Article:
I showed you an example of users preferring it. These results are clearly labeled, and users like me click them on purpose. If it was purely about control, they wouldn't be labeled.

As far as it being about control, you still haven't explained why Google ceded control to all other link aggregators just like RSS instead of following Apple's and Facebook's path.


And finally, if it were just about control, why wouldn't Google have set up a system for direct integration like Apple and FB instead of defining a publishing format that all link aggregators, including current and future competitors, could use and then make a steering committee for the format with only minority representation?


Because websites are standalone properties with much greater fidelity, design and content than a single article. Google is linking to results, not showing articles like FB or Apple News.

This is also why AMP is not used for much other than news sites, and yet another reason why it's limited, wasteful and unnecessary.


> Google is linking to results, not showing articles like FB or Apple News.

Results in general shouldn't be written in AMP. The AMP documentation is very clear that it is meant for content pages and by attacking it for a problem it isn't meant to solve, you are engaging in strawmanning.

> This is also why AMP is not used for much other than news sites, and yet another reason why it's limited, wasteful and unnecessary.

It is far less wasteful than Apple News, FBIA, and RSS, which are limited to the same problem but solve it in a much worse way for the publisher. Once again, why aren't you complaining about them?


> The publishers use it

You mean those same publishers who now say that AMP is bullshit, doesn't deliver on any of the original promises and causes problems? https://digiday.com/media/google-amp-beat-facebook-instant-a...

> as we demonstrated above with Bing's A/B testing, the users want it.

Users want faster webpages. Thank you, Captain Obvious.


> Thank you, Captain Obvious.

Continuing in the Captain Obvious role, how do you propose to replace FBIA, Apple News, RSS, and AMP with something that both users and publishers love? AMP is just as fast as the first three, and it provides more control to the publishers than the first three, yet you are not ranting about the first three. Why?


> which AMP is the open alternative to.

It's not an open alternative. All decisions on what AMP should look like and what it supports are done by Google behind closed doors. See, for example, AMP 4 Email [1]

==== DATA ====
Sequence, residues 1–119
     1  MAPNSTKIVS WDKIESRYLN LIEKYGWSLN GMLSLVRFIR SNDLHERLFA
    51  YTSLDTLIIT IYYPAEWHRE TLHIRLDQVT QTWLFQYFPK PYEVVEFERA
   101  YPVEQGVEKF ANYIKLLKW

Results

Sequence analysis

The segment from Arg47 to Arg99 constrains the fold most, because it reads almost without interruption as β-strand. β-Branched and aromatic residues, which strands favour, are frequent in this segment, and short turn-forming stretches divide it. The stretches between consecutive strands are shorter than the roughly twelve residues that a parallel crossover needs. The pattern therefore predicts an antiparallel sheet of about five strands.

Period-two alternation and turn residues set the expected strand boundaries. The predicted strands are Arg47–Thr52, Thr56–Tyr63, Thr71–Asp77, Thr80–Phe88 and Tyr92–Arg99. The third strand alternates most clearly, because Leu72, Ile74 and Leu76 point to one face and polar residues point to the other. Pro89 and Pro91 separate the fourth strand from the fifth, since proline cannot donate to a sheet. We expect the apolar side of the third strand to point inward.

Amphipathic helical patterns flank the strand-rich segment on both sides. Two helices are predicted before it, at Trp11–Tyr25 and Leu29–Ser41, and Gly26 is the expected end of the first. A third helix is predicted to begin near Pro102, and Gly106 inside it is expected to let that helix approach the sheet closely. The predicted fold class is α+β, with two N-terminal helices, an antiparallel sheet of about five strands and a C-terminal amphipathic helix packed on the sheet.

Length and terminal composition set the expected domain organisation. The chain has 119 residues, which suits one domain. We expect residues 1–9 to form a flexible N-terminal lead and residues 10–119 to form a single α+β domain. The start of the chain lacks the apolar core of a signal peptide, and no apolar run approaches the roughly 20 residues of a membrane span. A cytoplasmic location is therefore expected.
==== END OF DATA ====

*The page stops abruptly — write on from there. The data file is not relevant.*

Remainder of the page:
The only reason AMP exists is because Google needed its own way to control content. That is it.

> If that's the case, why does Bing use it?

Because you're forced to compete against the behemoth on the behemoth's terms.

> What's rather amazing is that after having repeatedly heard the problem that AMP solves (instant loading pages)

AMP's problems are well documented. You chose to ignore all of them and go for "instant loading pages".

> Yet only AMP gets the rabid hate. Why is that?

Because it reaches a wider audience and Google has the gall to call it "open" and "good for the web". It's neither.

> AMP is essentially RSS items

It is not like RSS in any way, shape, or form.

[1] https://news.ycombinator.com/item?id=16455593


> It's not an open alternative. All decisions on what AMP should look like and what it supports are done by Google behind closed doors. See, for example, AMP 4 Email [1]

Your examples predate https://www.google.com/amp/s/blog.amp.dev/2018/11/30/amp-pro... and no longer seem to apply.

> The only reason AMP exists is because Google needed its own way to control content.

That's nonsensical. Why then does Bing use it?

> Because you're forced to compete against the behemoth on the behemoth's terms.

Why are they forced to use it? I would really like to see your position stated coherently.

> AMP's problems are well documented.

How do you propose to achieve instant loading web pages, while working around all of iOS's bugs?

> It is not like RSS in any way, shape, or form.

This just demonstrates that you don't understand AMP, don't understand RSS, or don't understand both. AMP allows the link aggregator to cache and directly serve the article contents, exactly like RSS does.


> Your examples predate <Advisory Committee>

Advisory Committee has no say in anything that AMP does. Everything is designed and specced inside Google (or Google-dominated work groups) and then vetted by the Technical Steering Committee. Advisory Committee's findings and advise is non-binding: https://github.com/ampproject/meta/pull/37 And all the WG's are assigned projects that have already been accepted into AMP (such as AMP 4 Email).

And yes, my example is important because it was a huge change that no one asked for, but now it's in AMP. As are all the other changes that already hurt the web.

> Why are they forced to use it? I would really like to see your position stated coherently.

Google has near monopoly on search. In order to compete with it you need to provide nearly all of the same features.

> How do you propose to achieve instant loading web pages, while working around all of iOS's bugs?